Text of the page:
Retail sales heat up, but volume still down

Retail sales heat up, but volume still down

The British Retail Consortium (BRC) and KPMG released research reporting a 2.3% increase in sales in July (on a total basis), a 1.6% like-for-like basis increase from July 2021.

Although there is an increase in sales, volume is down. This is attributed to rising inflation and households cutting back on spending amid rising energy bills.

Commenting on the results, Helen Dickinson, BRC’s chief executive, said: “Sales improved in July as the heatwave boosted sales of hot weather essentials. Summer clothing, picnic treats, and electric fans all benefitted from the record temperatures as consumers made the best of the sunshine. However, with inflation at over 9% many retailers are still contending with falling sales volumes during what remains an incredibly difficult trading period.

“Consumer confidence remains weak, and the rise in interest rates coupled with talk of recession will do little to improve the situation. The Bank of England now expects inflation to reach over 13% in October when energy bills rise again, further tightening the screws on struggling households. This means that both consumers and retailers are in for a rocky road throughout the rest of 2022.”

Paul Martin, UK head of retail at KPMG, said: “The sun came out for retailers in July, as like for like sales grew 1.6% on last year. Against a backdrop of the cost of living crisis and on-going reports of low consumer confidence actual sales are still holding up. Online retailers also saw the benefit of warmer weather with sales growth falling more slowly, by just 3.9% on July 2021.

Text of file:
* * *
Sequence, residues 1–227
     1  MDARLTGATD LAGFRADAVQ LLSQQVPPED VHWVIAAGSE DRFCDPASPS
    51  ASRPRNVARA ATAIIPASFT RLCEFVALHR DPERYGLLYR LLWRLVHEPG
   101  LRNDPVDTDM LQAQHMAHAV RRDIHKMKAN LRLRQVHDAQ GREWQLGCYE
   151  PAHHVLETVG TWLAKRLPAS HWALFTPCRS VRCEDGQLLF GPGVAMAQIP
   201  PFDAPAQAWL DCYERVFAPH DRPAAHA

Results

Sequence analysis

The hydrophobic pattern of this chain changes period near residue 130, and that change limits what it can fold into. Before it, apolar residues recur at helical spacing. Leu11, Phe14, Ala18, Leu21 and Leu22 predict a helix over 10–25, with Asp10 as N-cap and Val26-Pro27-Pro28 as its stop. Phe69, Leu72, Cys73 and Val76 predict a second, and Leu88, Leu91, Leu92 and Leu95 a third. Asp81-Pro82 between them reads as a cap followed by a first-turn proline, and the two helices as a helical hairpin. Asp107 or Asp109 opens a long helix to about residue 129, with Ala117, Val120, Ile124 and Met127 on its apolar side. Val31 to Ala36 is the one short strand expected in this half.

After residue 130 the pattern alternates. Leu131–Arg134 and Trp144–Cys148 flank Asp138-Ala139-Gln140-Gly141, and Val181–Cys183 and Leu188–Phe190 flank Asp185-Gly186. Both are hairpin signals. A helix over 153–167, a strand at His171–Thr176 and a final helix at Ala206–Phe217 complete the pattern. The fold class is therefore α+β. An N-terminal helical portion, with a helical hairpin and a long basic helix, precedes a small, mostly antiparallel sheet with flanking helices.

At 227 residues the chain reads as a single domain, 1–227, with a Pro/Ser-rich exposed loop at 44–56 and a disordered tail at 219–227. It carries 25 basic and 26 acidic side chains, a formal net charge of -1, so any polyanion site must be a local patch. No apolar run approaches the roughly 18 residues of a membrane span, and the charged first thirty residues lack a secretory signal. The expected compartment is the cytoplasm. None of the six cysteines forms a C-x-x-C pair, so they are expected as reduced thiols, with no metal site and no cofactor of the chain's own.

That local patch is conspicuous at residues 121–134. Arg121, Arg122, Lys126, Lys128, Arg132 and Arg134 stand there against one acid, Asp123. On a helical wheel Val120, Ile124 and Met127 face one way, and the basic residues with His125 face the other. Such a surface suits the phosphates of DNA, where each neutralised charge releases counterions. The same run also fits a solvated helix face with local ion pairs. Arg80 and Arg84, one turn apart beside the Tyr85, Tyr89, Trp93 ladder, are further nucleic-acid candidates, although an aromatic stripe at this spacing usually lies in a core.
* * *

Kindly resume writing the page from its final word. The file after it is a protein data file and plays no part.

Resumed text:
“Despite consumer polls suggesting confidence is at an all-time low, this hasn’t translated to money not being spent at the tills, as consumers are determined to enjoy delayed holidays and an unrestricted summer.

“Pent up demand, especially for new clothes, has so far been at significant enough levels to keep the overall retail sector in relatively good health. With travel and summer socialising back on the agenda, retailers will be hoping the feel good factor continues into August.”

He added: “However, the summer could be the lull before the storm with conditions set to get tougher as consumers arrive back from summer breaks to holiday credit card bills, another energy price hike and rising interest rates. With stronger cost of living headwinds on the horizon, consumers will have to prioritise essentials, and discretionary product spending will come under pressure.

“As margins continue to be challenged, and costs continuing to rise, a significant drop in demand come the Autumn will have detrimental impact on the health of the retail sector. Truly understanding individual customer buying patterns and being able to differentiate these will become increasingly more important for the sector.”

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